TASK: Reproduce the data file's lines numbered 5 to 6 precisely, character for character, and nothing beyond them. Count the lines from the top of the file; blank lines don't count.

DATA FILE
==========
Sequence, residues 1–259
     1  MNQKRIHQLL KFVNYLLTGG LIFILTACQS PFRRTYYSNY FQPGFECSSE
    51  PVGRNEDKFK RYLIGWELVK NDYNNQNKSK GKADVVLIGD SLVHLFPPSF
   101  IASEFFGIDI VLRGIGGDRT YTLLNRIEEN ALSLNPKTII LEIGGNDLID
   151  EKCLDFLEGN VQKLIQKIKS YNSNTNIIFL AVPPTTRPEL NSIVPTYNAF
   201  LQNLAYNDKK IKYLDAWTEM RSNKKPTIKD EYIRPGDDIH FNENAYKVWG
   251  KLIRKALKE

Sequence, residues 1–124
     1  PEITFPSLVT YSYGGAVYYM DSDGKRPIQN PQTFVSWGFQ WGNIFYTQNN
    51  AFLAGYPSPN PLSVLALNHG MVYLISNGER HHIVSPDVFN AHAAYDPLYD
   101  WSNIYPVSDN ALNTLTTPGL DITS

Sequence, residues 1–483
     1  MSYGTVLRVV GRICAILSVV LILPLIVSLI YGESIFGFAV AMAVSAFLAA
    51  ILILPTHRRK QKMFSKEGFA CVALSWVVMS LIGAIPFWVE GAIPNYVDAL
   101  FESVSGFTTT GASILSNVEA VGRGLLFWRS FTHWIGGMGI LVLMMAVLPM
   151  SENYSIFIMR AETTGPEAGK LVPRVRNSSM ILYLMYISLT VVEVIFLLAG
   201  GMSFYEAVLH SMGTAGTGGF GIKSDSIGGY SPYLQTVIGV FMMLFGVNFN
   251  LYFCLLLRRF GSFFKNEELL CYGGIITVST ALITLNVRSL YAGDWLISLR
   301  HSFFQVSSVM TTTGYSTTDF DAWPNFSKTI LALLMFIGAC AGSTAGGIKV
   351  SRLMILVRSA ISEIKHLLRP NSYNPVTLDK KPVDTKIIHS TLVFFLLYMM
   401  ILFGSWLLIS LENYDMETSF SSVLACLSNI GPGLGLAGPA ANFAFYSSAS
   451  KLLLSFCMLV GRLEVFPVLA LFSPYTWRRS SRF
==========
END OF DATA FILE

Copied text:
   151  EKCLDFLEGN VQKLIQKIKS YNSNTNIIFL AVPPTTRPEL NSIVPTYNAF
   201  LQNLAYNDKK IKYLDAWTEM RSNKKPTIKD EYIRPGDDIH FNENAYKVWG